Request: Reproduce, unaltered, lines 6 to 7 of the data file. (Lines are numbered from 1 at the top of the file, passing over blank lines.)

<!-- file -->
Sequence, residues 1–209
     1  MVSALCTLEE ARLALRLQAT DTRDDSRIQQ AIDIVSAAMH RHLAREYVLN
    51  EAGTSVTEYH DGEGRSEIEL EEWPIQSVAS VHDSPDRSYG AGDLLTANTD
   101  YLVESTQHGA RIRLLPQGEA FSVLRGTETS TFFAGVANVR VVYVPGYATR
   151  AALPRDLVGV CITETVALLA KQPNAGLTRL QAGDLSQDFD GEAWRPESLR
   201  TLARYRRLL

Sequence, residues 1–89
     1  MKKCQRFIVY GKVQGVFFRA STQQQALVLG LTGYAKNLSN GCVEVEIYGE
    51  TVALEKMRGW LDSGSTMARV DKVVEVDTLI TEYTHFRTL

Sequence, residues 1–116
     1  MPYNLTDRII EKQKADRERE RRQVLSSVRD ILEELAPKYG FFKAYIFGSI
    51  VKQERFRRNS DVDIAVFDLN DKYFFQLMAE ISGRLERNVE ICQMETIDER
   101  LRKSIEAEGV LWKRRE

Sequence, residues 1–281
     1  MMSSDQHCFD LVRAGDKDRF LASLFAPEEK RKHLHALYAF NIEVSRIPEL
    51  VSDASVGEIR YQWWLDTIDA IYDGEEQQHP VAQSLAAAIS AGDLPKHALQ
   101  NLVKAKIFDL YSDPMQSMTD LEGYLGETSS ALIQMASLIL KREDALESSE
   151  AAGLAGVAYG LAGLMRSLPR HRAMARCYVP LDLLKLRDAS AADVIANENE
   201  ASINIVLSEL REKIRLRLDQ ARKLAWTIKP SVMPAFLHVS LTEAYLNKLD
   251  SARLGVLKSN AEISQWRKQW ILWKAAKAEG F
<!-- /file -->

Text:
   201  TLARYRRLL

Sequence, residues 1–89